The Student News Site of Westmont College

The Horizon

The Student News Site of Westmont College

The Horizon

The Student News Site of Westmont College

The Horizon

Sorry, there are no polls available at the moment.

California storms hit Westmont

Noah Nims
Students in rain gear marvel at the flooded creek

After this past week, it’s safe to say that Albert Hammond was wrong, because it doesn’t just rain in Southern California– it pours. While out-of-staters might poke fun at Californian’s dramatics about the weather, these recent storms were a stark contrast to our usual precipitation and climate. Around the state, damage from erosion, mudslides, floods and trees falling have tragically harmed many. At Westmont, the dangers were clear enough that Jason Tavarez, the Director of Institutional Resilience, canceled school on Monday February 5, and recommended that students stay indoors and not attempt to traverse outside due to a shelter-in-place designation.

Our main campus remained intact, fortunately, although Montecito holds particular concern due to its history of devastating mudslides. However, the Westmont Downtown building, housing the newly launched Westmont Nursing program, sustained significant roof leakage. This forced the closure of a third-floor classroom for several days, as confirmed by Doug Jones, Vice President of Finance.

Beyond the leakage, students faced their own challenges. Chaney Bowman described the fear of navigating the storm in her Mini Cooper, with enough rising water flowing on the roads to cause hydroplaning. Many students shared her experience of treacherous commutes and reckless driving on rain-slicked roads. Juan, a dedicated DC worker, highlighted the hidden dangers– he encountered flooded lanes and hydroplaning cars on his usual freeway commute to Westmont. “It felt safe,” he chuckled, “but that was because I was going 40!” His lighthearted advice to “stay dry and safe” resonated with a community facing unprecedented weather.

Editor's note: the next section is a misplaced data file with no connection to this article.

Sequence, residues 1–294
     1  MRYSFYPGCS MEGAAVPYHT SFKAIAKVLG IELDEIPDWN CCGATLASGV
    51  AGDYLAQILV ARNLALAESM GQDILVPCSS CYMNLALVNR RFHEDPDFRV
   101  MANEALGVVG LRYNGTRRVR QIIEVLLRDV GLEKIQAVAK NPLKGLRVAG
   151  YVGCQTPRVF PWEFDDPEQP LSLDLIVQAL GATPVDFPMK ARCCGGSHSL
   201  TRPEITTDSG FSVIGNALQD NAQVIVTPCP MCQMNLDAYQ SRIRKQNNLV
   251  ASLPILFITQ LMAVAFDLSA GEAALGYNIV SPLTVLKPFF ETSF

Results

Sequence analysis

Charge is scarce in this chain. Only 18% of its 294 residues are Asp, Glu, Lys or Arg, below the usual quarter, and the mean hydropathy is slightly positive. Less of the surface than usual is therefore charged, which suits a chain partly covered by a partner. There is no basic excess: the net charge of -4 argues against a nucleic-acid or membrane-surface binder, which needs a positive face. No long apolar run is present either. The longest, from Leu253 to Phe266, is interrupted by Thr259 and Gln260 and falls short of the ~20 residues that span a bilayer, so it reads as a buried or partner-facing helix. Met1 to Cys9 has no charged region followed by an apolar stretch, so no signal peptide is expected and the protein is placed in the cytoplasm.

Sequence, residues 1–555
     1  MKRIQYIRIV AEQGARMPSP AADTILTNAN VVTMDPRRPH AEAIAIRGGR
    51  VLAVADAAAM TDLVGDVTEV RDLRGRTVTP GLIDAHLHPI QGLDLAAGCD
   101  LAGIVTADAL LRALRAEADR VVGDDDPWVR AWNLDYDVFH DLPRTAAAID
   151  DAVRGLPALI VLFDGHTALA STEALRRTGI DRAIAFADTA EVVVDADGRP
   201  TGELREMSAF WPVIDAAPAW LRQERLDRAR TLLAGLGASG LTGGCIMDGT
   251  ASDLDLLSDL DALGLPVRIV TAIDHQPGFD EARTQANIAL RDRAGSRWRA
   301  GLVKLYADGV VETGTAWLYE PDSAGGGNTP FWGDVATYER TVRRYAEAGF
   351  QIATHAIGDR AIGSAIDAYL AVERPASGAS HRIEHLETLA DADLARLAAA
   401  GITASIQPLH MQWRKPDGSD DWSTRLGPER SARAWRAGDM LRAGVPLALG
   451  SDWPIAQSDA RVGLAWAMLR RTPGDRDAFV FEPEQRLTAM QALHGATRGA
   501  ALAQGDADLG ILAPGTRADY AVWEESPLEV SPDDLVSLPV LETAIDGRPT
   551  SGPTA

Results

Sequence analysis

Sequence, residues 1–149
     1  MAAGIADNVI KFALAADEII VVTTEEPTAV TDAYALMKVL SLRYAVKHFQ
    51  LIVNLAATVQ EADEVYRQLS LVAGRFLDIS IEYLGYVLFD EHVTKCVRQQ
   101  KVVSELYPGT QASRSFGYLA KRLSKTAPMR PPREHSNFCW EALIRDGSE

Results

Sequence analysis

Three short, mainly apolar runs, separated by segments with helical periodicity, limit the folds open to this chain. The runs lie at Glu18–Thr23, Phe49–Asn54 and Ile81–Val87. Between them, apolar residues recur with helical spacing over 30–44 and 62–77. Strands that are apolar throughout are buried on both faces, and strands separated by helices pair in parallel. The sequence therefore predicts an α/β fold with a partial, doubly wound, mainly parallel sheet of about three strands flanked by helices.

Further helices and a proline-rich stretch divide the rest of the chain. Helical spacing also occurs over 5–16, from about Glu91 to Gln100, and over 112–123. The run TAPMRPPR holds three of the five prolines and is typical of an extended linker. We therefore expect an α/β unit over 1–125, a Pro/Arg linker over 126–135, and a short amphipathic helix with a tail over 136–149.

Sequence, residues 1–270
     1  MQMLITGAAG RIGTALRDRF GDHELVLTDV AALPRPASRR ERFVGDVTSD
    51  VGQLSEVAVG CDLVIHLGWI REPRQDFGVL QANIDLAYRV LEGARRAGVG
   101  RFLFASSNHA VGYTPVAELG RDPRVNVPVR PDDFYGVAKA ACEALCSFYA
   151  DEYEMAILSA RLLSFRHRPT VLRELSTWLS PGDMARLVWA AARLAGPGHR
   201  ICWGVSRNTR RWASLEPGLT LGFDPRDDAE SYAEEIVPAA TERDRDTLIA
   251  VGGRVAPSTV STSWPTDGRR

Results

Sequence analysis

Despite the challenges, Westmont stayed safe. Students took the day to play card games, enjoy cozy beverages, or engage in a competitive mud soccer game down at Lovik. As Bowman said, “It was a community-oriented day.”

From scorching Septembers to cloudy Julys, and now record-breaking January showers, times are indeed changing. Investing in a rain jacket might not have seemed necessary before, but as Montecito students learned, it can be a wise decision in Santa Barbara’s evolving climate.

Don't miss out!
Subscribe To The Horizon Newsletter

Sign up to receive weekly highlights of our favorite articles from News, Sports, Arts & Entertainment and more! 


Invalid email address
You can unsubscribe at any time.
Leave a Comment
More to Discover

Comments (0)

All The Horizon Picks Reader Picks Sort: Newest

Your email address will not be published. Required fields are marked *